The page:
October, 2008

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Some Insight into Insite

Friday, October 24th, 2008

The riot squad marched past me in pairs on Wednesday. About forty officers, their faces tight and emotionless moved to pull down the tents and stage erected in the middle of East Hastings Street adjacent to Insite, the supervised, drug injection facility in the downtown east side. Fifty more officers kept the curious from intervening.

Insite, is a harm reduction tool in a ‘four pillar’ approach to the drug problems not only in the downtown east side but across the city: those pillars being prevention, harm reduction, treatment, and enforcement. But from what I see in the downtown east side, I wonder whose harm is being reduced?

Apparently, the organizers of the party supporting the Insite facility failed to obtain permits from the city to block two lanes of Hastings Street and to hold a concert at the tail end of rush-hour.

It looked like a classic confrontation between the police and the rag-tag community in the neighbourhood- two monolithic forces clashing over drug policy and who really runs the ‘hood. But not everything is as it seems.

While a few local residents were not so enthusiastic of the obvious police presence with their plan to break up the street barbeque and concert, a few others voiced their support for closing Insite down.

Despite what one might believe, the police in Vancouver actually support Insite, much to the frustration of some residents who don’t. The VPD disagrees with those who say Insite is a breeding-ground for continued dependence on illicit drugs: the RCMP, the current federal government and its outspoken Minister of Health, not to mention the Bush Administration in Washington, D.C.

But it’s not like the Vancouver Police Department stands alone. Both the city and the province support Insite. The entire medical establishment backs the effort. Partisan political support crosses party lines- excluding the Conservatives in Ottawa- with the NDP, Liberal and Green Parties in lock-step with each other on the issue.

While I take no issue with whether Insite is effective or not, I do start to wonder what’s up when almost everyone in authority appears to agree that it’s the only solution. Everything’s too neat, too tidy. Does Insite do what its supporters say it does? Whose voices are being silenced by the deafening and coordinated call for its continued operation?

So since our establishment fails to have this debate, someone has to ask these questions because the reality of the downtown east side is that the entire neighbourhood and its issues have been swept under the carpet for decades too long. Successive, well-meaning governments of all political stripes have fostered a flourishing poverty industry but relatively little money actually gets to those in need.

Where services ought to be provided honestly and without ulterior motives, bean-counting still reigns supreme. Unfortunately, bean-counting is what gets the cash so statistics come before services. Playing second-fiddle to an accountant when it’s your life on the line… what a wonderful path to recovery.

Whether they supported Insite or not, every activist and community member I talked to agreed that there are not enough resources to handle the demand for rehabilitation and re-location; the Treatment pillar of the Four Pillar approach seems to have been forgotten. Imagine deciding that you want to break a serious life-threatening addiction only to find that you have to wait four months for a detox space?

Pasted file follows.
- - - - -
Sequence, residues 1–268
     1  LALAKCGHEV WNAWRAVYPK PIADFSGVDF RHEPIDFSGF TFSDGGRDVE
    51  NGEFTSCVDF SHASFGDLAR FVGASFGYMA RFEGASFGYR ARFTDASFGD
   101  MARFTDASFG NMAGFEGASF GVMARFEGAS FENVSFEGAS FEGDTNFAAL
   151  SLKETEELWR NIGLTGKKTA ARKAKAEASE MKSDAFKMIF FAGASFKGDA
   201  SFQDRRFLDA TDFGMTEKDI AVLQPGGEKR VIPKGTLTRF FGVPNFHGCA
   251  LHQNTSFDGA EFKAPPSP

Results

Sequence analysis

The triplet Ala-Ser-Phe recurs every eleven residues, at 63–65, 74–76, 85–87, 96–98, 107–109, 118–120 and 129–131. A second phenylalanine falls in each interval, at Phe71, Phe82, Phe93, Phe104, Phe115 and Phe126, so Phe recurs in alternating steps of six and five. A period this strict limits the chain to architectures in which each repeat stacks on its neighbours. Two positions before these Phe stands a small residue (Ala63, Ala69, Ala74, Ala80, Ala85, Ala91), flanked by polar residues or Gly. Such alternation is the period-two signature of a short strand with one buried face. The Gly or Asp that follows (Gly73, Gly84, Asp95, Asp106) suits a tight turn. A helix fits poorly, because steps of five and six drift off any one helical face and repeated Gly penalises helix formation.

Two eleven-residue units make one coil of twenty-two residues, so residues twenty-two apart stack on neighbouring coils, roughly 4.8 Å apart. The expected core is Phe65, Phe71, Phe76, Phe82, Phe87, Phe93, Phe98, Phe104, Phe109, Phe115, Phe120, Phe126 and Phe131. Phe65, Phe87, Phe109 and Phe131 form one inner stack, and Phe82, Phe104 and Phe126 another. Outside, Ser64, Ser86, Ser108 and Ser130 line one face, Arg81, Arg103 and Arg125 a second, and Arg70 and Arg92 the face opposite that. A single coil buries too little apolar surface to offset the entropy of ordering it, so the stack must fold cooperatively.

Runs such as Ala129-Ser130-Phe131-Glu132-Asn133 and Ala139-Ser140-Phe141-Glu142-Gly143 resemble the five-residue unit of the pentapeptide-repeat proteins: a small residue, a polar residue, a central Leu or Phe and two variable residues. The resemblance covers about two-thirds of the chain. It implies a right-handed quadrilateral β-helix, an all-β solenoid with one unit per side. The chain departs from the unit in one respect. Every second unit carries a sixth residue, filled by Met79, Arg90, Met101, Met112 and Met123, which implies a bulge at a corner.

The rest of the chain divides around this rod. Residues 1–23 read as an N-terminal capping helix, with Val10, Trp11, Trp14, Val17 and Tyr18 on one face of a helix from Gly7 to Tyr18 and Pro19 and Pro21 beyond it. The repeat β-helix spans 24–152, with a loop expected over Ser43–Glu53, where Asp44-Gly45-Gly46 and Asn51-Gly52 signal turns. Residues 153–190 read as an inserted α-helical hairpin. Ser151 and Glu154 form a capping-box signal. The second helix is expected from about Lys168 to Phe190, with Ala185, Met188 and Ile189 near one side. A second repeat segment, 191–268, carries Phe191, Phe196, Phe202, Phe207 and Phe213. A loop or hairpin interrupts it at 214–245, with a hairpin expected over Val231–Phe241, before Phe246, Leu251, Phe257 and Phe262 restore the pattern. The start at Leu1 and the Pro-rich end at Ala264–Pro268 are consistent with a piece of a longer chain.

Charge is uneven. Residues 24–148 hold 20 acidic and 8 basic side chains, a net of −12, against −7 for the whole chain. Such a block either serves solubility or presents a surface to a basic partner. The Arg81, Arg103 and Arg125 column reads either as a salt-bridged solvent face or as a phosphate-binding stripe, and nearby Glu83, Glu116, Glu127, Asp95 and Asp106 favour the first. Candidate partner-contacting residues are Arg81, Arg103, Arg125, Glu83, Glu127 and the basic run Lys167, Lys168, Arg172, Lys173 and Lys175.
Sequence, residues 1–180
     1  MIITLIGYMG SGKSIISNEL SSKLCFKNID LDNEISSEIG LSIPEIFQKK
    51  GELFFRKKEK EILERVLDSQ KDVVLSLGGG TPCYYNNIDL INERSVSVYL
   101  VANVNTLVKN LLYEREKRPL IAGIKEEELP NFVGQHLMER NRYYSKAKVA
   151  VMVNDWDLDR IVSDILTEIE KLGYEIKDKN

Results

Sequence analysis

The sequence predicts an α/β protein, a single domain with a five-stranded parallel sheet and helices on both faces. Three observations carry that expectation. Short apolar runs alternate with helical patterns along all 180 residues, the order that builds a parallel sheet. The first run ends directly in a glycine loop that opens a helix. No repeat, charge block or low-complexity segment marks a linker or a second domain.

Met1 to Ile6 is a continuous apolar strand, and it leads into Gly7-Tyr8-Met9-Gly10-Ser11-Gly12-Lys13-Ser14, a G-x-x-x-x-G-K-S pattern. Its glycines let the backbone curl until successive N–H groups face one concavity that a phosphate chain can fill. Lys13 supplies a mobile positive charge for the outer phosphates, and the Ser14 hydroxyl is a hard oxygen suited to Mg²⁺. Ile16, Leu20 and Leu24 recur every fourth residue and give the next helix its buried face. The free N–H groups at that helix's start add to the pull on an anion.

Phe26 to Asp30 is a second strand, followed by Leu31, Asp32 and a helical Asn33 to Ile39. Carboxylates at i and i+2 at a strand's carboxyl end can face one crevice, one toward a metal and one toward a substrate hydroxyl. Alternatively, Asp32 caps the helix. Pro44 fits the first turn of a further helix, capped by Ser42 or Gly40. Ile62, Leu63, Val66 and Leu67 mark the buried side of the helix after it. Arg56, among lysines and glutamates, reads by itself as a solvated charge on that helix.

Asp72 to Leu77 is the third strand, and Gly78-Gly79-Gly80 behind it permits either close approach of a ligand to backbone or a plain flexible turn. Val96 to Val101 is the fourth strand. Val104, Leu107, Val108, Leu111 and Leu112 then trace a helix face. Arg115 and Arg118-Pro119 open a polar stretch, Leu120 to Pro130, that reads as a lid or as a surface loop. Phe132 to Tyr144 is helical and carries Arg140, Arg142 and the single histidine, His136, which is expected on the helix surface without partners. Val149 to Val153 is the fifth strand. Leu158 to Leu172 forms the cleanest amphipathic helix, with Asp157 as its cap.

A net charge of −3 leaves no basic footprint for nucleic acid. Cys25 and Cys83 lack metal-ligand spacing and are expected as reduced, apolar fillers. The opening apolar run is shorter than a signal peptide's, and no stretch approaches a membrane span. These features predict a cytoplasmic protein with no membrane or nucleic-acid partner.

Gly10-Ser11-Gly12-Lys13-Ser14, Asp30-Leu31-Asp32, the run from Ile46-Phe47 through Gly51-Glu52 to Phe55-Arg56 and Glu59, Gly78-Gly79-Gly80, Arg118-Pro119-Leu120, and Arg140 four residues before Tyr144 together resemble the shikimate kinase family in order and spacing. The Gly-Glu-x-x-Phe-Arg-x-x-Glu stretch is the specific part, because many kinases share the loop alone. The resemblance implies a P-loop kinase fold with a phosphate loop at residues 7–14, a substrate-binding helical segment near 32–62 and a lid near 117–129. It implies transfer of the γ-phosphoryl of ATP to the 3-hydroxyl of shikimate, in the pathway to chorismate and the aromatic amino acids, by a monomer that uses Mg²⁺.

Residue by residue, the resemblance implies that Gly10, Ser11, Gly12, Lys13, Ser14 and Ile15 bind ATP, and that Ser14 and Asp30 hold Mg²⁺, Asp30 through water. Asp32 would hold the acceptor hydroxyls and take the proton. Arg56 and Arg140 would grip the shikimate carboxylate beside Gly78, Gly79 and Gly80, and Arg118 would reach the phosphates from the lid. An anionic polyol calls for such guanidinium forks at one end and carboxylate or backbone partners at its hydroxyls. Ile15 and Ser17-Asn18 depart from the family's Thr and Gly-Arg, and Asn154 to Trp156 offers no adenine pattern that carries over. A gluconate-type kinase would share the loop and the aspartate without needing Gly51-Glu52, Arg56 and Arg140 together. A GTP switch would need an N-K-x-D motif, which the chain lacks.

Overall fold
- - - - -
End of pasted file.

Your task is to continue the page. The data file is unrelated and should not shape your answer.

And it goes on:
When addicts decide to make a change it’s a spur-of-the-moment thing. To wait four months for a detox bed and a rehab space would be like waiting a year, maybe two, for a hip replacement. It’s ridiculous to expect any success at an individual or at a policy level with a four-month wait. More to the point: it’s inexcusable.

Moreover, once people have done detox and rehab, where are they to rebuild their lives? Back in the downtown east side? That’s hardly the answer. The sad fact is that there is not enough ongoing community support and housing in other neighbourhoods and towns to help these people put their lives back together.

What mechanisms are established in outer-lying communities to support people from relapsing or even becoming addicts in the first place? How is the mental health outreach community faring in the smaller towns across the province, or dare I say, the country? How much money are we spending to get people who want to get out of the dangerous neighbourhoods and all its temptations into safer communities?

I wouldn’t even know where to find straight-up answers to these questions, never mind whether they could be answered affirmatively. Worse, I don’t think any of our governments, responsible for this humanitarian catastrophe, could either.

So while the cops bust up an unsanctioned party in support of Insite, our leaders continue to present a brave and united front that this one facility is the only viable choice in Vancouver’s supposedly unique battle with the same addictions that plague cities across North America.

There’s a fine line between compassion and enabling. Should Insite be kept open? Absolutely. I just wonder if Insite, notwithstanding the great work it is reported to do, is merely a symptom of a much more serious problem.

Does Insite actually reduce the harm on our collective conscience over our inaction? Is it possible that our politicians and other policy leaders have chosen to support Insite as an easy way out, to enable the situation because they’d rather do what’s easier, cheaper, and politically most expedient? Where are the detox and rehab treatment facilities to go along with Insite? Where is the political will to make real change outside of the downtown east side?

We may not know the answers, but I certainly know we have to keep asking the questions.